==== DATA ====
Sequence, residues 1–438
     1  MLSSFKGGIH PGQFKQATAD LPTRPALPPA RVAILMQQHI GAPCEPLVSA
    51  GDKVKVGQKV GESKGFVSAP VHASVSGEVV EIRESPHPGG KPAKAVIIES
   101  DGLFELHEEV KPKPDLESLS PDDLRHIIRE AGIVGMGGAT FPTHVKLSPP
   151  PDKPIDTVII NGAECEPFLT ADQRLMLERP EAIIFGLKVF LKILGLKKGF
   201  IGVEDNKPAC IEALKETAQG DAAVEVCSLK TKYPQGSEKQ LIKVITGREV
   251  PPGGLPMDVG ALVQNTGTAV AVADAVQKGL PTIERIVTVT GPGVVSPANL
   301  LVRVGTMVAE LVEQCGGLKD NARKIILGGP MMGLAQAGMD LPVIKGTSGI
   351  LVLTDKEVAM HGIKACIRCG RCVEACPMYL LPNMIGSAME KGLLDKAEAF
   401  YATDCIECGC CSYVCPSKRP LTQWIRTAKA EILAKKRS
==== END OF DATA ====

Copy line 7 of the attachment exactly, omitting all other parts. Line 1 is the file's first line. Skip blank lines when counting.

   251  PPGGLPMDVG ALVQNTGTAV AVADAVQKGL PTIERIVTVT GPGVVSPANL